But following another of our key kindergarten environmental lessons - making a better world for generations to come - let's put these immediate hazards aside for a moment and look into the not-so-distant future to an artificial turf's demise. When the lifespan of a turf field is up, what do we do with the leftovers? Because they contain such toxic substances, crumb tire pellets are not accepted by most landfills. Yet another visionary move on the part of large industries leaves Blazer Stadium at the wrong end of a bogus recycling deal.

Though recycled crumb rubber may have an appropriate use in the modern world, it should be kept far away from our sports fields. A bit of head scratching seems appropriate when dangerous materials are recycled into a field on which students sprint, slide and tumble. The rubber pellets, toxins and all, fly up upon impact. They can catch in clothing when athletes fall and are often carried away from the field; many athletes can attest to having seen the spray of black dots when they shake out their shin guards after a rough game.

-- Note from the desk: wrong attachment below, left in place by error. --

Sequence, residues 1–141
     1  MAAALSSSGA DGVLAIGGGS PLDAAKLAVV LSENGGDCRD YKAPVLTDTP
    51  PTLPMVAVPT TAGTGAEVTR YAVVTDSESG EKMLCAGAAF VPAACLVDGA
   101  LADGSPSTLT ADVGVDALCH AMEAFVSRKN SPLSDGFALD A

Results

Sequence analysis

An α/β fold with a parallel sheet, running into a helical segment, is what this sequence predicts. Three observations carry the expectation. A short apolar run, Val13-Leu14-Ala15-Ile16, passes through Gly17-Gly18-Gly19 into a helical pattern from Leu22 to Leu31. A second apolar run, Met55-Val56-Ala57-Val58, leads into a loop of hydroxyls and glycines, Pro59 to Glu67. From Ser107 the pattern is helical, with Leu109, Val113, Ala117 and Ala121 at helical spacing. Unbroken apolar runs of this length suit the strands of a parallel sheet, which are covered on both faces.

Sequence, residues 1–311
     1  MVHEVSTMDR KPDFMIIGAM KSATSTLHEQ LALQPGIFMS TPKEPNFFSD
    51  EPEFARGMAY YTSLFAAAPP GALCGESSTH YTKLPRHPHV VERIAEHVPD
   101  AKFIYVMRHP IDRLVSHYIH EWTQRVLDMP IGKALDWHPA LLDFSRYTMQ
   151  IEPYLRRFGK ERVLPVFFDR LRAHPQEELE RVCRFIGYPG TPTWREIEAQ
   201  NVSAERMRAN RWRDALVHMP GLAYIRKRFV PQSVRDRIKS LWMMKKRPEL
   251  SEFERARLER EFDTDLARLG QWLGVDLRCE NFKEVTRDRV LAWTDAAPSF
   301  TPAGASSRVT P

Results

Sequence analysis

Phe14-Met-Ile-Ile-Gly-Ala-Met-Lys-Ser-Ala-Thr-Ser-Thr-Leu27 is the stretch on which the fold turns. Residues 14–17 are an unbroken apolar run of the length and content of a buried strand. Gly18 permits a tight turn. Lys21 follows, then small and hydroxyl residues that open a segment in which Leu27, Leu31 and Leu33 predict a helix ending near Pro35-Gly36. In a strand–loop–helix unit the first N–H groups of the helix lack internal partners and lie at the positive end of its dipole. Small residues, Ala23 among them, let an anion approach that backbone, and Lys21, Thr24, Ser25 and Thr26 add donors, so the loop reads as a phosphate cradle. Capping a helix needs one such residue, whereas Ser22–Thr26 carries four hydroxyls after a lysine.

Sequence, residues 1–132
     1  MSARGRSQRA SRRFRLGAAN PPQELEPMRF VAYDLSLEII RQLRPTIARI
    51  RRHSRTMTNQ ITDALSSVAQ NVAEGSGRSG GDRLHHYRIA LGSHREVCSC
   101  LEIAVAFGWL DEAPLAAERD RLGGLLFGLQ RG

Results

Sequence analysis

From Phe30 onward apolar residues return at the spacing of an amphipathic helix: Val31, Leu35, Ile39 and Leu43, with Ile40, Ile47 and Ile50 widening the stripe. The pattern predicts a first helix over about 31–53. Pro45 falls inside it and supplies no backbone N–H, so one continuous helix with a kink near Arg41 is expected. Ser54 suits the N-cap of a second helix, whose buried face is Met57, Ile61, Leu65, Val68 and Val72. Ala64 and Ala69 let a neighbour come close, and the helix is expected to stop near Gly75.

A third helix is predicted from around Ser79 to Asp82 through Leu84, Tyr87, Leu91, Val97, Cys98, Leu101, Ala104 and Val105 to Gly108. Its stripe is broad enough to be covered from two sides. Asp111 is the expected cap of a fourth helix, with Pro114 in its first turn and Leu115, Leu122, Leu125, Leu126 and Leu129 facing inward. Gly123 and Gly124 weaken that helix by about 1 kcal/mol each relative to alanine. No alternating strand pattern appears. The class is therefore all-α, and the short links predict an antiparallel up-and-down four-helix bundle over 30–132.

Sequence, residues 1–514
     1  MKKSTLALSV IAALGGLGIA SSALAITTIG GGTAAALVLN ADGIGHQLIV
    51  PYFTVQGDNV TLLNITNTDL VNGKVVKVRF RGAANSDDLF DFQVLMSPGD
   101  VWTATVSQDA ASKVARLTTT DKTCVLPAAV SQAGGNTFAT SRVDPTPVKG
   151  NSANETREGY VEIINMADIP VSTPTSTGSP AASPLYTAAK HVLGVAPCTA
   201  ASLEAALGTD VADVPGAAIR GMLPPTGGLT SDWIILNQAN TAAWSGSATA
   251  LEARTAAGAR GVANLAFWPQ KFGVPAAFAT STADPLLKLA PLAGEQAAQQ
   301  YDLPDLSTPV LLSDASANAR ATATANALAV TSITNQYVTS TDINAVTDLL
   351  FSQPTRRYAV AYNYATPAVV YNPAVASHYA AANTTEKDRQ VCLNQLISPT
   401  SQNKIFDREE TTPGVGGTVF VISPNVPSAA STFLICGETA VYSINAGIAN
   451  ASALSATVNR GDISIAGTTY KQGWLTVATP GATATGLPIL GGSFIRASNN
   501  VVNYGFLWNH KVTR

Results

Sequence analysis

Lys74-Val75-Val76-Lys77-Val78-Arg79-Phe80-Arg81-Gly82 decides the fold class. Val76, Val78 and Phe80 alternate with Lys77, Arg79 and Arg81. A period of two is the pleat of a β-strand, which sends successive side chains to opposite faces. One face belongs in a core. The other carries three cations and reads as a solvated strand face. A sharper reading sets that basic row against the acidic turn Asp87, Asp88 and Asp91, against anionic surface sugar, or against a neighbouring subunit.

And here's where it really heats up: Since the black crumb rubber absorbs heat, and turf has no soil water to moderate temperature on the field, overheating can become a major issue. Unlike natural grass, turf temperatures can rise to extreme heights, magnifying athletes' risk of heat stroke during the hot months. In a recent study, a Wayland engineer found that when air temperature was around 90 degrees Fahrenheit, turf field temperatures were above 150 degrees (higher than nearby asphalt levels). A glaringly green color simply isn't worth the endangerment of student health.